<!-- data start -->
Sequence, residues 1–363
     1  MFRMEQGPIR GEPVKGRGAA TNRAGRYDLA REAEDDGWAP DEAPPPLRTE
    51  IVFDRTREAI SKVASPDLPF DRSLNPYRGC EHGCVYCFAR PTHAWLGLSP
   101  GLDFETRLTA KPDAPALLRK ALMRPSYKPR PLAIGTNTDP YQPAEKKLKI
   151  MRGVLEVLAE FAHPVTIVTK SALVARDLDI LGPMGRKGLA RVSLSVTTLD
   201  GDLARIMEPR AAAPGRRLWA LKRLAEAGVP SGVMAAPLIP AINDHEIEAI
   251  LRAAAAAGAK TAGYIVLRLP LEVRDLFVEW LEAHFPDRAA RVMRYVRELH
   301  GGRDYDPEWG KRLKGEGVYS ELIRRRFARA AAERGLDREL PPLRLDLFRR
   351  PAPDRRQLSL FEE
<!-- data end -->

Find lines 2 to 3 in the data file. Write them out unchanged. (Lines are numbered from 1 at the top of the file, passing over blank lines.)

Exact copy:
     1  MFRMEQGPIR GEPVKGRGAA TNRAGRYDLA REAEDDGWAP DEAPPPLRTE
    51  IVFDRTREAI SKVASPDLPF DRSLNPYRGC EHGCVYCFAR PTHAWLGLSP